BEYOND THE HALLELUJAH CHORUS
Choral music occupies a major place in Handel’s works. For me and many others, his Hallelujah Chorus from Messiah was our first introduction to his music of any kind. My initiation came from the 300 voices of the Mormon Tabernacle Choir singing on a Christmas LP you could get from the Firestone Tire store in Walla Walla, Washington, followed soon by the 15 voices of the volunteer choir at the First Presbyterian Church. To this day, Handel is sung by micro- and macro-choirs, amateur and professional, with period instruments and modern symphony orchestras. Since PBO aims to give “historically informed” performances with Baroque instruments, what historical information do we have about Handel’s choirs?
The smallest “choral” ensemble is found at the end of many of his Italian operas, where coro simply indicated quartet or so of the principal characters–sometimes even dead ones who spring back to life in order to supply the bass line! Only a few operas require an independent choral ensemble, as stages were small and budgets were tight.
But in his oratorios, Messiah for example, Handel wrote for what we think of as a real choir, though not what we might expect. His oratorio choristers were drawn from the churches of London as well as the Chapel Royal, and since women could not sing in those choirs–thanks to the Anglicans’ literal adherence to St. Paul’s admonition that “women should be silent in church” [1 Cor. 14:34]–they were choirs of men and boys. Only the solo roles were sung by women. The choral soprano parts were sung by trebles (boys with unchanged voices), the altos were adult men (fully intact, not castratos) called countertenors, singing in falsetto, along with tenors and basses. Since the onset of puberty was much later for both sexes in this period, Handel’s trebles could have been as old as eighteen.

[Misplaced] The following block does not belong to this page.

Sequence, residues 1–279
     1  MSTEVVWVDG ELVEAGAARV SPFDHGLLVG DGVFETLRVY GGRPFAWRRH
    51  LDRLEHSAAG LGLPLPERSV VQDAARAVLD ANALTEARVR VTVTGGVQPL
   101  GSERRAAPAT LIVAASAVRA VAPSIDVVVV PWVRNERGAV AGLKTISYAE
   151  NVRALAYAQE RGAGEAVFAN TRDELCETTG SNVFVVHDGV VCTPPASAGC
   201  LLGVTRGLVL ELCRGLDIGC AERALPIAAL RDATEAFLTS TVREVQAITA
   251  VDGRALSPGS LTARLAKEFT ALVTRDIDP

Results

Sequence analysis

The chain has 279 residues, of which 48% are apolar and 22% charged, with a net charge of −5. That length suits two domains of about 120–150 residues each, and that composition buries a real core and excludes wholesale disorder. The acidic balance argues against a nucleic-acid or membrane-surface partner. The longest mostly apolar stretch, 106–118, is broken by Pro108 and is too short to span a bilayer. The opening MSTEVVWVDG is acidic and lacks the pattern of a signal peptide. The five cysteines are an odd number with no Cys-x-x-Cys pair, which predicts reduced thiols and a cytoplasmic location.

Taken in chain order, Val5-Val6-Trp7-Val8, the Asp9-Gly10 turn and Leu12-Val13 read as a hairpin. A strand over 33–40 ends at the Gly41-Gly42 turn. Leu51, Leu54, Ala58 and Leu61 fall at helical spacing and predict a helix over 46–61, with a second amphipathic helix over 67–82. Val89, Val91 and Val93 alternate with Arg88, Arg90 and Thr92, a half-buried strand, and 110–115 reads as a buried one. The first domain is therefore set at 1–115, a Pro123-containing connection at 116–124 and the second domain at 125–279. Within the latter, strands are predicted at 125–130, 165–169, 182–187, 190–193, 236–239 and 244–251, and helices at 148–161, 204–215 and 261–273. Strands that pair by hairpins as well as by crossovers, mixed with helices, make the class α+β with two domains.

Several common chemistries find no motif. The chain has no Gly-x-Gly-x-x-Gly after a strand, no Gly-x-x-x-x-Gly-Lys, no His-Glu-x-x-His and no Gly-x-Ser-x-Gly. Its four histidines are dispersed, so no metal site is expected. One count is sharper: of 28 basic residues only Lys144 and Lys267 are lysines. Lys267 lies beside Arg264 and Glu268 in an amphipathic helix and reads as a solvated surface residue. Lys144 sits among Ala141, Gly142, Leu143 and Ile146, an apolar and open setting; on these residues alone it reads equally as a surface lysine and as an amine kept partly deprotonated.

For a sampling of Messiah sung by such an ensemble, in costume, check out this video.
Even the all-male choir did not satisfy the misgivings of some noted clergy, however. When Handel premiered Messiah in Dublin, he asked for singers from Christ Church and St. Patrick’s Cathedrals. But finding that they were to perform the Word of God in a music-hall and not a church, St. Patrick’s Dean Jonathan Swift sent out a memo threatening to punish anyone who should perform in “a club of Fidlers [sic] in Fishamble Street,” concluding, “My Resolution is to preserve the Dignity of my Station and the Honour of my Chapter.”
But Messiah‘s famed choruses lead us astray in considering the choruses in Handel’s Joshua or nearly all of his other 25 oratorios. In these the choir plays a dramatic role–sometimes more than one, in these works, not singing the words of Scripture but texts written by a poet, the librettist. At times, the chorus plays opposing roles such as the wanton Babylonians and righteous Israelites in Belshazzar. In Joshua, our Chorale will sing the single role of the Israelite people, whose texts are both Biblical paraphrases and creative dialogue written by Rev. Thomas Morell. These Israelites exult when they arrive in the Promised Land, narrate vividly in describing the fall of Jericho, and suffer in defeat as they retreat from the siege of Ai.
The 24 professional singers in the Philharmonia Chorale, while more diverse in gender than Handel’s choir, number about the same. Each singer is selected not only for vocal quality but for expression and presence, in order to project a range of emotion that connects individually as well as collectively with our audience.
See Philharmonia Baroque Orchestra & Chorale perform Handel’s Joshua December 1-4 throughout the San Francisco Bay Area. Get tickets on the button below.